Coming in at #4 is another personal favorite: Teenage Mutant Ninja Turtles.  The story of their rise to supremacy begins in New Hampshire in 1984.  Down on their luck cartoonists Kevin Eastman and Peter Linger are just fooling around when they stumble upon an empire.  Kevin drew a turtle standing up to make his partner laugh.  They named the turtles after 15th century painters and got busy writing them their own comic strip.  They were designed to satirize action heroes.  The self-published surprise lands them a toy deal with toymaker Playmates.  He-Man creator Mark Taylor is hired to turn this 2-D creation into 3-D action heroes.  “These guys were so poor their shoes were held together with duct tape.  They said, “what do you think of it”? I said “It’s good.  These guys are a group that care about each other.  They’re like the Musketeers: all for one and one for all”.  Mark works his magic, but toy shops aren’t prepared to shell out for radioactive reptiles.  But by now there is a tried and tested model to get kids to the toy store: an animated show.  The turtles live in a sewer and are party dudes who eat pizza.  What’s not for a kid to love? Turtles was one of the first to mix in a healthy does of humor.  Turtle Mania takes hold, selling $1.1 billion of toys in 4 years.  Inevitably, the boys in green get their own movie, cementing their status as one of the decades biggest brands. I was a total turtle maniac.  I saw all the movies, had all the toys and even dressed as one of the Turtles for Halloween.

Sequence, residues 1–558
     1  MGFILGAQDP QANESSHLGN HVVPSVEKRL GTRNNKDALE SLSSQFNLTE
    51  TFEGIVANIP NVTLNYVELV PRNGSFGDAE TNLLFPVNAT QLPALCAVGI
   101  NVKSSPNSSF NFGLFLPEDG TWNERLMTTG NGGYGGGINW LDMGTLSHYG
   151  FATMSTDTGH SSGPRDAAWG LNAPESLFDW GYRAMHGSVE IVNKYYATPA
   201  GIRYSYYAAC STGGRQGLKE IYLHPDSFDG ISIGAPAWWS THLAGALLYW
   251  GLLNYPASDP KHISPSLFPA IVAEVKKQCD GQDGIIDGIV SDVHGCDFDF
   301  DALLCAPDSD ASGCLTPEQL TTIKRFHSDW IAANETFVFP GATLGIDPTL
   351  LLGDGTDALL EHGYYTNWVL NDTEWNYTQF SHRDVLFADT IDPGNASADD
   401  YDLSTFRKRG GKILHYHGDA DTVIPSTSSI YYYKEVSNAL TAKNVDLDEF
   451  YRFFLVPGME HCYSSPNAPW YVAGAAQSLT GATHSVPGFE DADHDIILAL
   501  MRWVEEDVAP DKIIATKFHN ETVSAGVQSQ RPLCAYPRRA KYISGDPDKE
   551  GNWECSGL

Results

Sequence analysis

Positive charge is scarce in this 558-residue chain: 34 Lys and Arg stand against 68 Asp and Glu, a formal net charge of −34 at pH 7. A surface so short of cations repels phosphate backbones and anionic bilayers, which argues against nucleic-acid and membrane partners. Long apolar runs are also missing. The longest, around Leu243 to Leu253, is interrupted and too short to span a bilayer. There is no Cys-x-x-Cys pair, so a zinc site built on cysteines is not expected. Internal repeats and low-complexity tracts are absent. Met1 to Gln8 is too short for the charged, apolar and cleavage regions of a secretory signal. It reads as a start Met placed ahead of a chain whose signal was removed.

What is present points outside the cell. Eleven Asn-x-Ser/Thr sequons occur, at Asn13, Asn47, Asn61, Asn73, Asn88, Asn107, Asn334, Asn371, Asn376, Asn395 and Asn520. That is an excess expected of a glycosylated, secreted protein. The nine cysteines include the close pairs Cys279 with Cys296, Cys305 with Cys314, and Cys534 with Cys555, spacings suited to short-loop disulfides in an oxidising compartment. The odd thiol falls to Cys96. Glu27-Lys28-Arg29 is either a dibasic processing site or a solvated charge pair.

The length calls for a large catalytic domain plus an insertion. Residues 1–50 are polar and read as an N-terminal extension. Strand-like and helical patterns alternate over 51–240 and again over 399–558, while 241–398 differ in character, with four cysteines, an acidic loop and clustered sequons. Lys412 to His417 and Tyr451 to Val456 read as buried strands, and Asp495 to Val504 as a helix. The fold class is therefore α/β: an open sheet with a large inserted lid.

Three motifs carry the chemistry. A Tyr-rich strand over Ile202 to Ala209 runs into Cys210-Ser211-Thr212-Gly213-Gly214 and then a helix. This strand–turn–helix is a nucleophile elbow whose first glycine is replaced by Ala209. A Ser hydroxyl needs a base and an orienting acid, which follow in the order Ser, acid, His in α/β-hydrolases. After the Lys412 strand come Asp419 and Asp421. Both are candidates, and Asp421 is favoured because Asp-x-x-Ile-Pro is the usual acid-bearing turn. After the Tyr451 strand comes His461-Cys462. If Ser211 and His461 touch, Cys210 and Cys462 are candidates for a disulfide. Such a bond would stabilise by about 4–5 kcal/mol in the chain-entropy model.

The #3 toy of the ‘80’s began with a man whose world got turned inside out when he lost his job.  He created a new world inside the human mind with no batteries required.  Dungeons & Dragons is a game in which most people’s knowledge of it comes from the movie E.T because they played it in the movie.  In the late ‘70’s, Gary Gygox loses his job and insurance.  Gary fills the hours dreaming up fantasy wargames in his basement.  Little did he imagine the game he dreams up would be the decades most controversial.  Forty years ago, the game got popular with unpopular kids.